The report, released on Tuesday by Canadian and U.S. researchers along with the Canadian Pediatric Society, the Assembly of First Nations and Unicef Canada, says the federal government has fallen short on Jordan's Principle, its 2007 pledge to ensure First Nations children who are tied up in jurisdictional disputes between the federal, provincial and band governments are not denied access to public health and social services.
Under Jordan's Principle, which was endorsed by the House of Commons in 2007, First Nations children are entitled to receive the public assistance they need, regardless of jurisdictional fights between levels of government over who should pay.
However, the report's authors say, First Nations children needing health and social services must still contend with what it calls an "ongoing inequity," as they cannot access the care and support they need as quickly as other children in Canada.
"There is growing recognition that the governmental response to Jordan’s Principle does not reflect the vision advanced by First Nations and endorsed by the House of Commons," the report states in part.
The report was prepared by researchers from McGill University, the University of Manitoba and the University of Michigan, in collaboration with representatives from the three organizations.
Agreement named after Manitoba boy
Jordan's Principle got its name from Jordan River Anderson, a young boy from the Norway House Cree Nation in northern Manitoba who was born with a complex genetic disorder and needed specialized care.
When he died in 2005 at the age of four, Jordan was in a Winnipeg hospital, hundreds of kilometres from his family's community, as the provincial and federal governments argued over who would foot the bill for his care.
"Responsibility for services to First Nations children is often shared by federal, provincial/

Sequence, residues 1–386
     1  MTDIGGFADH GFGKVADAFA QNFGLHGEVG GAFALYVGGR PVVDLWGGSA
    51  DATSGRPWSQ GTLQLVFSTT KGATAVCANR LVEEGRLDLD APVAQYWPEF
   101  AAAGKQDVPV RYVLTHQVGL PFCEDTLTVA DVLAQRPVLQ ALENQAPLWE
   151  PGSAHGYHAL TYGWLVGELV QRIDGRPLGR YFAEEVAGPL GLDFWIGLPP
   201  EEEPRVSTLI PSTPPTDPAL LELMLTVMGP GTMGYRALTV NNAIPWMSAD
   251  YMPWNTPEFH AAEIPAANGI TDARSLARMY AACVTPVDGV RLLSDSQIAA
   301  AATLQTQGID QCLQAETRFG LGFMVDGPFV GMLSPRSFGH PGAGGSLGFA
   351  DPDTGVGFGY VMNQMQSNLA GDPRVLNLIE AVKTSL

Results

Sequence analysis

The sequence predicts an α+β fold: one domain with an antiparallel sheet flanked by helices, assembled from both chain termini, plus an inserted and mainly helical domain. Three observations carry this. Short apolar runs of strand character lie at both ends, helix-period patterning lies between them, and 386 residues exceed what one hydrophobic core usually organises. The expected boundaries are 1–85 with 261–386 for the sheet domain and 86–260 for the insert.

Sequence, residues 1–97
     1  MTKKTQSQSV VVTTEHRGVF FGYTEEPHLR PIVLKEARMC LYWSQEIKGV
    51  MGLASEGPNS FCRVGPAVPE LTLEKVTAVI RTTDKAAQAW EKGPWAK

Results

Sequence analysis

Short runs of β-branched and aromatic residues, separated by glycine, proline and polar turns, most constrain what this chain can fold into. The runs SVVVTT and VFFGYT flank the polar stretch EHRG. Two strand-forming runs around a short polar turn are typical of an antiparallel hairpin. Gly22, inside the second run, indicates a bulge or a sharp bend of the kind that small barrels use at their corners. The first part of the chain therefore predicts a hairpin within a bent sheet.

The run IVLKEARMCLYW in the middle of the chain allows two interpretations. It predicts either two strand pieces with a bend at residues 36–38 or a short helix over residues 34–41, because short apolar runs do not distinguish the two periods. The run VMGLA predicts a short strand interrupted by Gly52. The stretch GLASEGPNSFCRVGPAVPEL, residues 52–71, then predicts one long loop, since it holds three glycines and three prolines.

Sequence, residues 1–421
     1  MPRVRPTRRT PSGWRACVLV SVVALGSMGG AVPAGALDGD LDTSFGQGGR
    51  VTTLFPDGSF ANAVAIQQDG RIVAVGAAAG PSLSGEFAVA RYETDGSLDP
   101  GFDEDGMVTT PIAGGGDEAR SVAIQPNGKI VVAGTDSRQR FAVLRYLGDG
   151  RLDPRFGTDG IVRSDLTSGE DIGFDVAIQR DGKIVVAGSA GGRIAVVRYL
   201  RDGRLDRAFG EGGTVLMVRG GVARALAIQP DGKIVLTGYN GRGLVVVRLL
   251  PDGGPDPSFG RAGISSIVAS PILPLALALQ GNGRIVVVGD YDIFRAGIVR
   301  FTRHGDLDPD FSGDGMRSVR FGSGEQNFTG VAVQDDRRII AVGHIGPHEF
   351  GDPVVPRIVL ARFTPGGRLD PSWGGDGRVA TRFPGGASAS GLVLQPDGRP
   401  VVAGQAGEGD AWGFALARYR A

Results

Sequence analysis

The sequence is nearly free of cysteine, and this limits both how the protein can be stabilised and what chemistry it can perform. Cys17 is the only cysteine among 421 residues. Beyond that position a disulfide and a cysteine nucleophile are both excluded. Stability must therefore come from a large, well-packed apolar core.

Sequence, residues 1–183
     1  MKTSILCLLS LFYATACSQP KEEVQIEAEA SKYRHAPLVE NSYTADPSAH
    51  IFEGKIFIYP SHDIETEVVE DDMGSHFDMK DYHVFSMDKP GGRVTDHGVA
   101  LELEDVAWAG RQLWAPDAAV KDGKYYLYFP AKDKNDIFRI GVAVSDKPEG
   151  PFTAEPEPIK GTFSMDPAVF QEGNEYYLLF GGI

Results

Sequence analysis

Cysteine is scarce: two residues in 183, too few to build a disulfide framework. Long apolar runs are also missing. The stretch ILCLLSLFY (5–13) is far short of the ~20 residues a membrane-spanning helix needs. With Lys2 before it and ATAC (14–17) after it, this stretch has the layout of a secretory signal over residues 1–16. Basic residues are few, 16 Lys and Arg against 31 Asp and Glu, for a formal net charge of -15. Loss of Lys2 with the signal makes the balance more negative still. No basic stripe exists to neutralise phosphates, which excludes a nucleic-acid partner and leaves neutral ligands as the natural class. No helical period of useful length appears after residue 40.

territorial and First Nations governments; in contrast, funding and delivery of these same services to most other children in Canada falls solely under provincial/territorial jurisdiction," the report says.
"Accordingly, First Nations children face unique challenges in accessing services, and Jordan’s Principle is an essential mechanism for ensuring their human, constitutional, and treaty rights."
After Jordan's Principle was endorsed by the House of Commons, the federal government helped develop federal, provincial and territorial policies and procedures for identifying similar cases and dealing with jurisdictional disputes.
Range of cases narrowed
But the new report says the current federal, provincial and territorial governments' response has narrowed the range of cases to which the principle would apply, and delayed payment for services tied up in jurisdictional disputes.
The governments have also excluded First Nations from the implementation of Jordan's Principle, and they lack mechanisms for ensuring transparency and accountability, according to the report.
Unicef Canada, the Canadian Pediatric Society and the Assembly of First Nations are calling on the governments to work with First Nations to "develop and implement a response for First Nations children that truly reflects the vision of Jordan's Principle."
The groups also want the governments to "systematically identify and address the jurisdictional ambiguities and underfunding that give rise to each Jordan’s Principle case."
Ontario's provincial advocate for children and youth, Irwin Elman, says he supports the new report and wants governments to take action.
"I am urging the provincial and federal governments to uphold their commitment to First Nations children and begin the hard work needed to transform existing programs and services for First Nations children and implement Jordan's Principle," Elman said in a news release.
Read the full report
Below you can read the full report, Without Denial, Delay or Disruption: Ensuring First Nations children's access to equitable services through Jordan's Principle.- ON MOBILE? Read the report here. Suggest a correction